Jerry Seinfeld is banned from the New York soup stall that he used for the basis of The Soup Nazi episode of Seinfeld. Weeks after the episode aired, Seinfeld went in for lunch, and chef Al Yeganeh asked him to leave, unhappy with the moniker the show had given him.

The Original Soupman

The Original Soupman is a chain of soup restaurants originally run by Ali “Al” Yeganeh, modeled after Yeganeh’s original restaurant Soup Kitchen International, which was a well-known soup restaurant at 259-A West 55th Street (between Broadway and 8th Avenue), in Midtown Manhattan, New York City.

The 55th Street location, which began operating in 1984, was closed in 2004, with the windows soaped over. Yeganeh, who was born in Iran, kept the lease on the shop while he looked to expand into a broader market. This led to the formation of the Original Soup Man chain and eventually led to the reopening of the Soup Kitchen International location in 2010 under the name “Original Soup Man”, like all of Yeganeh’s other restaurants.

In 2017, t… Continue Reading (5 minute read)

13 thoughts on “Jerry Seinfeld is banned from the New York soup stall that he used for the basis of The Soup Nazi episode of Seinfeld. Weeks after the episode aired, Seinfeld went in for lunch, and chef Al Yeganeh asked him to leave, unhappy with the moniker the show had given him.”

  1. cardboardunderwear

    From the link

    >Upon recognizing Seinfeld, Yeganeh did a “triple take” and then went into a profanity-filled rant about how the show had “ruined” his business and demanded an apology. This was ironic, since whenever the show ran, his normally long line would extend around the corner due to increased demand for his soups.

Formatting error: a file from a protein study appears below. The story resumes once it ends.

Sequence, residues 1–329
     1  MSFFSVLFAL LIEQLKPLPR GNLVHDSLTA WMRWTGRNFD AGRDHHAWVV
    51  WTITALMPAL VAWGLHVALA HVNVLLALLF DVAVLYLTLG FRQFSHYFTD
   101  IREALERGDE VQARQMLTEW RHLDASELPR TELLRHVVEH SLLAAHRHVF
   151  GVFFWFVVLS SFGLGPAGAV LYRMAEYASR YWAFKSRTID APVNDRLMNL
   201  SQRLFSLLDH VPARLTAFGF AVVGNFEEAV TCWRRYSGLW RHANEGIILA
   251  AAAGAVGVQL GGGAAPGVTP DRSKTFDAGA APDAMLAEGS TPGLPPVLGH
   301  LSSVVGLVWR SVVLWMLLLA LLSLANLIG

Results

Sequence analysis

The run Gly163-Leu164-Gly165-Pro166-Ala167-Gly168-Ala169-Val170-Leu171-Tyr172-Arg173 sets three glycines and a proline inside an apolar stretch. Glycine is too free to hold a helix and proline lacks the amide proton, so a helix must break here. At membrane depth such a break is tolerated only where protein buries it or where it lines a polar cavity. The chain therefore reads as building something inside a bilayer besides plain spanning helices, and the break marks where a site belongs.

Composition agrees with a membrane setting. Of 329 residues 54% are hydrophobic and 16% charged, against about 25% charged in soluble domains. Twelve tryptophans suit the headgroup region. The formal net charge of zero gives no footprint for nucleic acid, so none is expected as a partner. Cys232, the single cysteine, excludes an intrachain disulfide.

Could be worse

  2. IsaacTrantor

    Art imitates life imitates art….

  3. torturedmetfan

    I still go to this soup stand often. There are pictures of Seinfeld everywhere in the shop and they seem to embrace it. Best soup in NYC.

  4. captainhoneybear

    I wouldn’t be very happy if someone famous made a TV show episode making fun of me and nicknaming me the “Soup Nazi”, either.

  5. SpaceCowboyChris

    In all fairness to the store owner, a real Nazi would have confiscated Jerry’s wealth and placed in a camp. So he has that going for him.

  6. GenInsurrection

    Every time I hear Seinfeld (I just saw him on an OLD episode of Johnny Carson) all I can ever hear is the comedian who used to parody Seinfeld’s irritating, nasally, affected enunciation…

  7. f12016

    Just started watching Seinfeld, holy cow it’s so good

  8. pomorri

    Good for Al for standing up for himself rather than let himself be exploited as a joke by one of America’s all time favorite jerks.

    BUT, in reality, Al and Jerry are probably on perfectly amicable terms, this was just a publicity piece, an article from a gossip rag, “Oooh, did you hear that Seinfeld and the soup nazi have actual beef irl?!” 9_9

    Idk, I just assume everything is just an ad, now, because…. everything is just an ad now.
    Everything. Even this comment. Buy Pert Plus shampoo. See?

  9. mhmass44

    The guy franchised his soup business complete with strict ordering instructions printed on signs and a loop of Seinfeld running on waiting queue TVs.

  10. ButtBegonia

    Played himself… wait

  11. amolad

    I don’t think any of this is relevant anymore. It’s a very old story.

    Yeganah closed tried to expand and it all failed. He closed that soup stand on 55th Street years ago. He might have one physical location now but people said as soon as he tried to expand, the quality of the soup went down.

    I went there and got some soup, like six quarts, a few months after the episode ran. He could not have been more accommodating to me.

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